Release Date: May 28, 1998
BUFFALO, N.Y. -- To anyone who's ever left a chocolate bar on the dashboard of a car on a hot summer's day, the melting process is fairly straightforward: Heat hits solid, solid turns to mush.
Believe it or not, scientists who study the process haven't been able to shed much more light on it.
But now a paper published in Science by University at Buffalo physicists, in collaboration with researchers at other institutions, has revealed some surprising details.
The findings show that when a solid melts, it undergoes not just one intermediate phase change -- as had been predicted previously -- but two.
The research is the first to show ample evidence of an unusual liquid phase that has some local characteristics of a solid, but which is still technically a liquid.
This novel liquid phase is preceded by the hexatic phase, the existence of which now confirms earlier theoretical predictions.
The new findings should help subsequent efforts to understand the melting process in real systems.
"This work provides evidence that melting does not have to be a catastrophic event," explained John Ho, Ph.D., co-author, UB Distinguished Service Professor in the Department of Physics and associate dean of the Faculty of Natural Sciences and Mathematics. "Things don't melt all of a sudden. The process starts at the surface and then propagates through the material."
The researchers' ability to do the experiment with thin liquid-crystal films suspended in air was a key factor in their ability to isolate what was happening at the surface.
"Melting can be a very hard process to keep track of in real systems," said Ho.
For that reason, scientists have been trying to capture the changes a substance, such as liquid crystals, goes through when it melts in two-dimensional systems, a somewhat simpler process.
In this research, the scientists used two-dimensional films suspended in air because use of a substrate can affect the experiment.
"It's technically difficult to make measurements on such thin films," said Ho.
To determine what kinds of transitions were occurring, the scientists had to overcome some serious technical problems, utilizing two of the world's only scientific instruments designed to measure structural and thermal properties of films suspended in air.
To understand the phase transitions as the temperature rose, the UB scientists studied the molecular structure of the films using a special electron-diffraction microscope at Roswell Park Cancer Institute that was adapted to sustain the liquid-crystal films.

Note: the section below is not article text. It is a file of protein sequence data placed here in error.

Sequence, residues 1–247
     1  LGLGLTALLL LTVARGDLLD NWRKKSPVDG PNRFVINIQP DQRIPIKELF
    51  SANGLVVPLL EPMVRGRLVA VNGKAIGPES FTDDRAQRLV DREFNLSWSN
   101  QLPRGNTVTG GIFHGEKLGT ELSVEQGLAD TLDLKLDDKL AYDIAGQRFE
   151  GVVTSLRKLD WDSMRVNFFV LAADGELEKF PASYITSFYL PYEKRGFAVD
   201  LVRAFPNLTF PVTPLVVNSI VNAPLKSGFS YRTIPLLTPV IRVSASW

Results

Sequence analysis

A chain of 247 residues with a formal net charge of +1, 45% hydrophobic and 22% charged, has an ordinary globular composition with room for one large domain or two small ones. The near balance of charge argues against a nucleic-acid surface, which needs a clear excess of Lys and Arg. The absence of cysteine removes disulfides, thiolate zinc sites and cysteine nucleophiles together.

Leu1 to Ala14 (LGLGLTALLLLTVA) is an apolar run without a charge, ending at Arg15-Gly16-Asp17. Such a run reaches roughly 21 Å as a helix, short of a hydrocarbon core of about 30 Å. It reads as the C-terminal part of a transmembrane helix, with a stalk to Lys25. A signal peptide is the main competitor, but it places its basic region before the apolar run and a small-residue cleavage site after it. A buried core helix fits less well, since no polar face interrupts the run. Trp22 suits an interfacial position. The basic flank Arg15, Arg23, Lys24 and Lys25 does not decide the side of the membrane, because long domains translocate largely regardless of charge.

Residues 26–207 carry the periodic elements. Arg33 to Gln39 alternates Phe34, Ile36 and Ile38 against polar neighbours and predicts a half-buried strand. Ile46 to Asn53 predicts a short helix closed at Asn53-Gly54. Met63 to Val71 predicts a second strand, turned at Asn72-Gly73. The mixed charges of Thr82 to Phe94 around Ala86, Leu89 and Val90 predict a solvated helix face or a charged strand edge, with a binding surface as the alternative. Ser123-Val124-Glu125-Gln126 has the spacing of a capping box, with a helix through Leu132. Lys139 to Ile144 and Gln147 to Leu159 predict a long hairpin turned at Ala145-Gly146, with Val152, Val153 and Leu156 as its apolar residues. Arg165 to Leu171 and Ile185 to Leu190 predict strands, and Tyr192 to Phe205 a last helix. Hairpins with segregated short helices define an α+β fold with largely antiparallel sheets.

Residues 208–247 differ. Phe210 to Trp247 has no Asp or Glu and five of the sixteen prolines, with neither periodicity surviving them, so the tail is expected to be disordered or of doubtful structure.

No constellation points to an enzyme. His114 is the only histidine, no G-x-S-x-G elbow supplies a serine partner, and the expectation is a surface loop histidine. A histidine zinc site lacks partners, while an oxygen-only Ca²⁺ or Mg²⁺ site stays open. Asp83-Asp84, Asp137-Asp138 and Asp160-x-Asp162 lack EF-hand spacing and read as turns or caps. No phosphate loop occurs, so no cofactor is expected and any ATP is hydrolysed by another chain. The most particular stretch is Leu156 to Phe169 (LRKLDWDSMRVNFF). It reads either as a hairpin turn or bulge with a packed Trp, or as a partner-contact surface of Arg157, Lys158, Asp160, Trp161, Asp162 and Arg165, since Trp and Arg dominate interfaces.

"A solid is a very regular system," explained Ho. "Its molecules sit in fixed positions with regular distances between them, with orientational order in certain directions."
By contrast, he said, a liquid has neither positional nor orientational (directional) order.
The two phases found by the scientists lie between solid and liquid.
The first phase, which was predicted by theorists, is the hexatic phase.
In this phase, there is no positional order, but the molecular arrangement is not completely random, either, and there is some orientational (directional) order.
"Our two-dimensional, liquid-crystal film provides the first unequivocal proof of the hexatic phase because its properties were revealed in the absence of a substrate," Ho said.
"Now between this hexatic phase and the liquid phase, we have found another one, which has a slightly more ordered molecular environment than a liquid."
In this new phase, which has not yet been named, the immediate "neighborhood" of each molecule is more regular and, therefore, closer to a solid.
"The molecular arrangement is more regular locally, but it does not continue or propagate throughout the material and, therefore, it is still a liquid," said Ho.
In the experiments, the material repeatedly demonstrated distinct changes in its temperature and density as a result of the application of heat, strongly suggesting a distinct phase change.
"This still doesn't constitute incontrovertible proof of this phase," said Ho, "but the data are extremely convincing."
Co-authors on the paper were Chia-Fu Chou of Princeton University, Anjun J. Jin of Applied Materials, S.W. Hui of Roswell Park Cancer Institute and C.C. Huang of the University of Minnesota.
The research was funded by the National Science Foundation.